In cases of surgical repair, rehabilitation after PCL reconstruction differs quite a bit to ACL reconstruction. One of the biggest difference is that there is currently very few accelerated rehabilitation programs. Even these claimed ‘accelerated’ protocols restrict return to sport to the 6-9 month range. Restriction on positioning due to the greater effect of gravity on the PCL graft, limits the early phases of rehabilitation. Therefore, return to sport usually takes at least 8 months. This is why for an elite player, conservative treatment and bracing tends to be a more viable option especially mid-season. Also in a review of 21 papers on the results of surgical reconstruction of the PCL, return to pre-injury level of play was 50-82% compared with 88%-91% in conservative treatment.

It stands to reason then why Parra and his medical team have chosen not to undergo surgical reconstruction this time around. He will most likely undergo a short phase of immobilization followed by protective bracing correcting for any posterior tibial stress. Quad strengthening will begin day 1 as the quadriceps pull is directed anteriorly on the tibia and can help to prevent posterior tibial translation. The quad strengthening will move to closed chain dynamic strengthening as soon as tolerated. Proprioceptive retraining, hip and core strengthening will also be a focus to ensure good functional biomechanics of the knee during return to play, and minimizing the risk of re-injury.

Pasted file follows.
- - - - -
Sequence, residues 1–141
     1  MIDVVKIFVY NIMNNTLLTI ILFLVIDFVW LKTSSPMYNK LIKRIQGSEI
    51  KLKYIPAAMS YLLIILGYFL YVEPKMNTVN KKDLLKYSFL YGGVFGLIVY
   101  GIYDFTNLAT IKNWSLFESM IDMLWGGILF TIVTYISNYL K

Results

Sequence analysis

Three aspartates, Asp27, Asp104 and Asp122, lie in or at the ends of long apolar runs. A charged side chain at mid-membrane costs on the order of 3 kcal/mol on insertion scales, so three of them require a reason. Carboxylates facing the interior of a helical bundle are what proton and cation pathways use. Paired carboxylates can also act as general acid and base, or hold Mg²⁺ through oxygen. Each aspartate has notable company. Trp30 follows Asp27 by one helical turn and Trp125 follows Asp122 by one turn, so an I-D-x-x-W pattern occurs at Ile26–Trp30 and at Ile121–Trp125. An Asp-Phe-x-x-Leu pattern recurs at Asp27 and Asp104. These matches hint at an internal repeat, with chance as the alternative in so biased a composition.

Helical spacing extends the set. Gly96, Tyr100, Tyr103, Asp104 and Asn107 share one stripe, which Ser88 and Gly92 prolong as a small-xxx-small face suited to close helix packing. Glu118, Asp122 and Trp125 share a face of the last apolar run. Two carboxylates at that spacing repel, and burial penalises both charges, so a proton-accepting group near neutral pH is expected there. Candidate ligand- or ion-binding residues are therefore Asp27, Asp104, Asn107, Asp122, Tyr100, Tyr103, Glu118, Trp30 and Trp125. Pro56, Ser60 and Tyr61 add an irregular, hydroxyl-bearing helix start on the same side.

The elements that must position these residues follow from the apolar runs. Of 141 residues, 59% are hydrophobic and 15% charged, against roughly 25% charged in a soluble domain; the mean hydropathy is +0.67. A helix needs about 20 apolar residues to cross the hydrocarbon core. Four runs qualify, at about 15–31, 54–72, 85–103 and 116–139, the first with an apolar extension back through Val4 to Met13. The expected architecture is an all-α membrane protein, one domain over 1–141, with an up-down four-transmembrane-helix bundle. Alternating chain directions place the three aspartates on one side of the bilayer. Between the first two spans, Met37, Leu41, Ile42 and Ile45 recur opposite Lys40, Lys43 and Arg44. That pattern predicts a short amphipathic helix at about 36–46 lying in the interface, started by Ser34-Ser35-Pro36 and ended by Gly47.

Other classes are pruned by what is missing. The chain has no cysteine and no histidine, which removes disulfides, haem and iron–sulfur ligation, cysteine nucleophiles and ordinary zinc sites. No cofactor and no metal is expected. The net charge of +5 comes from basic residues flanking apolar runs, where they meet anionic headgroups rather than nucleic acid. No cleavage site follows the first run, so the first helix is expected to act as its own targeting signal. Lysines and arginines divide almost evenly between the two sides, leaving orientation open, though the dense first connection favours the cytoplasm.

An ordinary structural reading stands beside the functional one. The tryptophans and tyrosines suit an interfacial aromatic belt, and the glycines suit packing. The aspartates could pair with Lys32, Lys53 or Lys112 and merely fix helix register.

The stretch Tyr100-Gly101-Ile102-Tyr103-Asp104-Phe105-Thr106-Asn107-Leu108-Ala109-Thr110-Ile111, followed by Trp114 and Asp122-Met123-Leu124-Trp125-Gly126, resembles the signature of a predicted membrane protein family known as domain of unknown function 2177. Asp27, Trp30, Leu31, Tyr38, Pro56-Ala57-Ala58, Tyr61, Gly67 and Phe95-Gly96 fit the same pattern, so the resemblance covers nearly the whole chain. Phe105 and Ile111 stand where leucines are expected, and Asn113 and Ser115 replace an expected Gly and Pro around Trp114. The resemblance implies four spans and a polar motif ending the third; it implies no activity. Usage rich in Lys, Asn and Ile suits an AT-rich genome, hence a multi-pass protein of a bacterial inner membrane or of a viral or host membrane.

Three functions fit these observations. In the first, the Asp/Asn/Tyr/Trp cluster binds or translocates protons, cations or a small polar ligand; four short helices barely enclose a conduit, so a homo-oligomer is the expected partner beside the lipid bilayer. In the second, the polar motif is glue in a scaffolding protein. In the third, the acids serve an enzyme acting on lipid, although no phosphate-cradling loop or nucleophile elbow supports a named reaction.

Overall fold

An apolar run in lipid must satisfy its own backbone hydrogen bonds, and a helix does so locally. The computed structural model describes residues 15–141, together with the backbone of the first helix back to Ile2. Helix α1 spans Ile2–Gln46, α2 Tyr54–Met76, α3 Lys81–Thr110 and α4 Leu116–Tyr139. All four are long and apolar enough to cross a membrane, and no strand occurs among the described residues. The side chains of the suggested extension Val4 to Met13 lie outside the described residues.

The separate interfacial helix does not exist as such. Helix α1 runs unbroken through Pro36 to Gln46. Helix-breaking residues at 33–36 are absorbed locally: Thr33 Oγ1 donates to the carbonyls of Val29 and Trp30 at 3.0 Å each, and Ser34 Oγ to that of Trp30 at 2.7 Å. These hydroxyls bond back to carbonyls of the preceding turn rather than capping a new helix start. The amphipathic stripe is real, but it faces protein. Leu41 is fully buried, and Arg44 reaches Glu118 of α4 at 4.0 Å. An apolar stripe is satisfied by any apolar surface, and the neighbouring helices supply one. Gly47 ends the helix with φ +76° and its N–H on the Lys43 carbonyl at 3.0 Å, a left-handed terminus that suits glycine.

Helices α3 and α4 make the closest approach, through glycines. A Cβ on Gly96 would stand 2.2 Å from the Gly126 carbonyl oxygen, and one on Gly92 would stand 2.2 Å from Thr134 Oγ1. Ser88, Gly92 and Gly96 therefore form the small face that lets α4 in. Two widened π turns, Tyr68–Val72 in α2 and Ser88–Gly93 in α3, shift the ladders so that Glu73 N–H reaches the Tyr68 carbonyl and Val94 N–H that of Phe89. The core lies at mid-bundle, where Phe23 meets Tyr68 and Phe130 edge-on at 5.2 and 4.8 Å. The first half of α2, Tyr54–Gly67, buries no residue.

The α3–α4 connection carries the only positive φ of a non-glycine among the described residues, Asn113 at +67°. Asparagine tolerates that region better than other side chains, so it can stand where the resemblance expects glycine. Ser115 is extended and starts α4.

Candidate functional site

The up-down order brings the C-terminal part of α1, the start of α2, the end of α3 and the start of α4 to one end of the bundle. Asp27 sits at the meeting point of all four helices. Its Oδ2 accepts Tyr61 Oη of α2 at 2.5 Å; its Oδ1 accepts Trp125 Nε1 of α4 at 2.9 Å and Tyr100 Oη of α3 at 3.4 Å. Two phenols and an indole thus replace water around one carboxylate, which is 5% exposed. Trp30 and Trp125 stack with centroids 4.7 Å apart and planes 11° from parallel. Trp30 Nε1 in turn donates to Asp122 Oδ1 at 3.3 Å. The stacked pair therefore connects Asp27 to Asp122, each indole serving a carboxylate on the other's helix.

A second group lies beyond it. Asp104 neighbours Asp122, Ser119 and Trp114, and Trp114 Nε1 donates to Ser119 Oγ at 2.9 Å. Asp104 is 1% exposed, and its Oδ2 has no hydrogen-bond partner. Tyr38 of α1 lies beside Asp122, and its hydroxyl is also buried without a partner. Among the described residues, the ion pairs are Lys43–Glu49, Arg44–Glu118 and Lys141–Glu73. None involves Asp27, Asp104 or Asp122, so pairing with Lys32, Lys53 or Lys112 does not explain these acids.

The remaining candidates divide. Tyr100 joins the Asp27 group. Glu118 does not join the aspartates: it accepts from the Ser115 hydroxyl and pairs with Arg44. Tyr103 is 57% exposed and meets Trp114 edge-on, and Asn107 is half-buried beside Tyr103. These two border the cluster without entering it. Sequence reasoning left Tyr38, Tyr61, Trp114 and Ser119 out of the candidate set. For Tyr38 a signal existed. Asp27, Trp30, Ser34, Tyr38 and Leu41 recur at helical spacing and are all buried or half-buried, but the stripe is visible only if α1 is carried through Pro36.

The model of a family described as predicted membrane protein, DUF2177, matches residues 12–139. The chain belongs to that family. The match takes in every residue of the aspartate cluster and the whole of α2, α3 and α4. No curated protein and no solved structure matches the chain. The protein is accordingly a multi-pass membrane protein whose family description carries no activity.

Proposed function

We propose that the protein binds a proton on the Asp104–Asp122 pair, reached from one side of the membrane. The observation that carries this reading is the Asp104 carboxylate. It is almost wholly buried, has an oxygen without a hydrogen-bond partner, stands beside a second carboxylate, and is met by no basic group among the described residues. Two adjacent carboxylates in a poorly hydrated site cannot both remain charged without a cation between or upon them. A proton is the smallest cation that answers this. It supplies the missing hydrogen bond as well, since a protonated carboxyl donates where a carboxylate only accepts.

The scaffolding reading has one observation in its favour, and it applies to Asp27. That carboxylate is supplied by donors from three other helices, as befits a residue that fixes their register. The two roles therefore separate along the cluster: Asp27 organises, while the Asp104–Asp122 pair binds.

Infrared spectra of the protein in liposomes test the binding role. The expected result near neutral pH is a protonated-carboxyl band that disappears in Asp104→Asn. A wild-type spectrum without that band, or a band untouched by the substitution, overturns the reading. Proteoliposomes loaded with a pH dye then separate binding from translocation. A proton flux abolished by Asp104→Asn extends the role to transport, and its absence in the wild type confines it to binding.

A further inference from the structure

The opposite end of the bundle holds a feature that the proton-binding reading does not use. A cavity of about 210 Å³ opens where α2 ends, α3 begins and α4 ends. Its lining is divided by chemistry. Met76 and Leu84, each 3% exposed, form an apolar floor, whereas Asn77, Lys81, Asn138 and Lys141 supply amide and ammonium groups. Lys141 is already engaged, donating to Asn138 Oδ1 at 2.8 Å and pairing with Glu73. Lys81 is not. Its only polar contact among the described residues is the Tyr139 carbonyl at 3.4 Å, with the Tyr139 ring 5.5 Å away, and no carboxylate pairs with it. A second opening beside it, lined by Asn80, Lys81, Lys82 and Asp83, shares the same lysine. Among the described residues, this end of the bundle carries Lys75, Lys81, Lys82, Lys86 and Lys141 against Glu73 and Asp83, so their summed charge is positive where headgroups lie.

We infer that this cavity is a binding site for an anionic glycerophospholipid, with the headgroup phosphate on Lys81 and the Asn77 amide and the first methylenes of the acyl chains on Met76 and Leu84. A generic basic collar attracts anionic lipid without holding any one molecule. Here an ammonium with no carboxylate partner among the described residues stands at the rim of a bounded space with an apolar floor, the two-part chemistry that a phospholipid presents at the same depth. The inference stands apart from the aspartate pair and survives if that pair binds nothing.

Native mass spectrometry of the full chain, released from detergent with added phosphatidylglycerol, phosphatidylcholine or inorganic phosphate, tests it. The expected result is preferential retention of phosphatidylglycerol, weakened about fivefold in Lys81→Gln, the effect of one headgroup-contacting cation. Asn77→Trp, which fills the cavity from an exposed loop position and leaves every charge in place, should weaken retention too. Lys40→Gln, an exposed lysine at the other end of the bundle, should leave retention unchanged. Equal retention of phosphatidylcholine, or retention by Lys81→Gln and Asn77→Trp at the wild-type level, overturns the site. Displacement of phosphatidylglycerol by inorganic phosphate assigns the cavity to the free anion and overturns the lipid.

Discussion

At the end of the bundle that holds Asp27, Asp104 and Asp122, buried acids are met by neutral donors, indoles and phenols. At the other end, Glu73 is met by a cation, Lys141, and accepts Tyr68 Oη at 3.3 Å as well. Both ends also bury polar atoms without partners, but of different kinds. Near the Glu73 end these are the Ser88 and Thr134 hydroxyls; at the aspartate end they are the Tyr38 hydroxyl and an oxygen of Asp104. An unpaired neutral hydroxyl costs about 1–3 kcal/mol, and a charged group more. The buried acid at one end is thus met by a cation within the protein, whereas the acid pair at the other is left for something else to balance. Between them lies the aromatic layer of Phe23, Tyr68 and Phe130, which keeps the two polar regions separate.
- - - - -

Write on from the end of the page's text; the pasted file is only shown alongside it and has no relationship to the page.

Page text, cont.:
Dr Erin Byrd, MCSP, DPT, SCS, CSCS
Rebound Physiotherapy is a new physiotherapy clinic in Belfast on the Castlereagh Road that specializes in sports medicine and musculoskeletal injuries, as well as concussion education and management. More uniquely all of our clinic profits go directly to support the local charity Brain Injury Matters which helps to rebuild the lives of those who have been affected by acquired Brain Injury. If you want more information call our team at Rebound Physio on 02890992444 or go to


Anthony Coole former Munster physiotherapist has taken a more in depth look at hamstring injuries in the light of Jonny Sexton’s scare ahead of the Welsh game:


Hamstring Injury? Don’t stop moving!!!

Sexton's hamstring injury
Sexton recovered from hamstring injury